"There is no doubt that the redefinition of the Serb borders and the creation of a new, independent Albanian State on 15% of Serb territory are unacceptable and impossible. The UN Charter guarantees the inviolability of borders, sovereignty and the territorial integrity of every State," maintained Prime Minister Vojislav Kostunica on 3rd January last in a letter addressed to the new UN Secretary General, Ban Ki-Moon. "Kosovo is the most precious part of Serbia," he declared on 1st January in Kosovo itself where he spent the end of 2006. Vojislav Seselj, leader of the Radical Party, accused of crimes against humanity and war crimes by the ICTY in The Hague and who has been in prison since he was handed over in February 2003 entered the debate to say that Serbia should break off its diplomatic relations with any country that acknowledged a sovereign Kosovo and to defend his idea of Grand Serbia that for him extends right into Croatia and Bosnia-Herzegovina where Serbs live. The new leader of the Socialist Party of Serbia, Ivica Dacic maintains that "Kosovo is the birthplace of Serbia and no-one has the right to say that he refuses to fight to defend Serb Kosovo." Foreign Minister Vuk Draskovic (Movement for Serb Renewal; SPO) is calling for a compromise respecting Serb territorial integrity; "Why can't we have one Serbia, two systems?" he suggested quoting an example adopted by China after the annexation of Hong-Kong to China in 1997 (by integrating China, Hong Kong maintained the institutions it inherited from the British system). Vuk Draskovic, for his part promotes the fact that "independence was a guarantee for Kosovar leaders from the start which did not encourage them to make any compromise. Serbia will not accept that part of its sovereign territory becomes another Albanian state in the Balkans," he concluded.

"The independence of Kosovo would not only destabilise Serbia but also the whole region for a long time. This is not just about Kosovo but also the EU's regional aspirations. The result must lead to regional stability. Without stability there can be no development nor hope for our countries and populations," stressed the President of the Republic, Boris Tadic, who added "it is very difficult to guess what will happen but you can be sure that Serbia has an answer ready for every eventuality and that this answer is certainly not war." The head of State worked hard during the electoral campaign for the general elections and is working even harder to achieve a rapid return to the negotiation tables with Brussels. Last May the EU suspended negotiations on the stabilisation agreement, the first step towards accession, in order to force the Serb authorities into co-operating with the ICTY in The Hague notably with regard to the arrest of two former political and military leaders of the Serbs of Bosnia, Radovan Karadzic and Ratko Mladic, suspected of genocide against the Bosnian population in the Bosnia-Herzegovina war (1992-1995). "We must show that we want to become members of the EU. Our number one priority is joining the EU. We must become official candidates before the end of 2007." Boris Tadic and the Democrat Party maintain that if they win the election on 21st January they will find and arrest General Mladic within three months – until now the government led by Vojislav Kostunica has been unable to find him. "I will not allow the forces who want to take us backwards to win the elections. I hope that with the victory of the democratic forces we shall also gain political victory the objective of which is our integration into the EU," maintained Boris Tadic.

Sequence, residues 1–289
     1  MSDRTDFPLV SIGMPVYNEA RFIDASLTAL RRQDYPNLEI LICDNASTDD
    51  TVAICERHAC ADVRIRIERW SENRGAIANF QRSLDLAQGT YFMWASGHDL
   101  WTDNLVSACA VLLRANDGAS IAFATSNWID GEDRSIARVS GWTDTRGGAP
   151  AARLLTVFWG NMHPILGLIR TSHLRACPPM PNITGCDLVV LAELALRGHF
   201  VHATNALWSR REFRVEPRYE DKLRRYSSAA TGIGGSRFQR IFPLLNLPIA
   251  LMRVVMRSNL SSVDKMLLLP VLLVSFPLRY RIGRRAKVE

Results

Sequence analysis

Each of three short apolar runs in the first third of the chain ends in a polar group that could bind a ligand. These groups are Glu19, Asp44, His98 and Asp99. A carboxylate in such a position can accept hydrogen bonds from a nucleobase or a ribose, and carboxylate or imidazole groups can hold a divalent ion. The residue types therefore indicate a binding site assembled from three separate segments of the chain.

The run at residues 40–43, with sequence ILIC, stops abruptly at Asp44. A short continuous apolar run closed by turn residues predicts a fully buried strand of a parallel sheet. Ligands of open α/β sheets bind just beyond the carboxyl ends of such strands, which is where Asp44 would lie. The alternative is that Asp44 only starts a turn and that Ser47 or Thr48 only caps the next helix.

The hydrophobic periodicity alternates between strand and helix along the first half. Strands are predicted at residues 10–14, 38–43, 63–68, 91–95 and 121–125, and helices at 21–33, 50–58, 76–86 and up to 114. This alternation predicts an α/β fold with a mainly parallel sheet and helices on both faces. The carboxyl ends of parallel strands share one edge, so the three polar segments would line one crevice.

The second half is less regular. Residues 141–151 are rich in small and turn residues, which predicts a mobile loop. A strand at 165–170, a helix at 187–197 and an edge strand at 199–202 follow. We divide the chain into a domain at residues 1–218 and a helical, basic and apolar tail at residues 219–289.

Olli Rehn, European Commissioner for Enlargement stressed, "We support Serbia's European aspirations. We are sure that Serbia will be able to make up for lost time and to progress on the way to Europe." EU Foreign Ministers are planning to meet on 22nd January next, a day after the Serb general elections to re-evaluate the political situation in the Balkan republic.

The latest opinion polls credit the Radical Party with the greatest number of votes. The ultra-nationalist party will be followed by the Democrat Party then the Democratic Party of Serbia. According to polls only the G17 Plus, the Liberal-Democrat Party and the Socialist Party of Serbia will rise beyond the 5% mark of votes vital to be represented in Parliament. "The parties that do not achieve this threshold will disappear forever from the political arena and will be absorbed by other parties," forecasts political analyst, Dragoljub Zarkovic at the daily Politika. Le President of the Republic Boris Tadic immediately asked Vojislav Kostunica to say clearly that he would not govern with the Radical Party, which the Prime Minister has refused to do until now. "The composition of the new government will be the subject of discussion after the elections," he maintained. "Vojislav Kostunica is not answering Boris Tadic because he is dishonest, he is cheating the voters who are going to vote for the Democratic Party of Serbia since they believe he will protect the interests of the State of Serbia," maintained Dragan Todorovic, president of the executive committee of the Radical Party. The Prime Minister had clearly said that he would like to remain in office if his party was to govern with the Democrat Party, but the party is however firmly against this idea. According to political analysts Vojislav Kostunica's future depends mainly on the decision taken by the international community on the status of Kosovo.

There is a glimmer of hope: a great number of analysts confirm a weakening of the ultra-nationalists in Serbia. Many believe that the population which appreciates the economic progress achieved over the last few years mostly believes in the future of the country within Europe and that Serbia has a place within the democratic, developed nations; it believes that war is now part of the past.
Publishing Director: Pascale JOANNIN
The authors
Corinne Deloy
Author of the European Elections Monitor (EEM) for the Robert Schuman Foundation and project manager at the Institute for Political Studies (Sciences Po).
Fondation Robert Schuman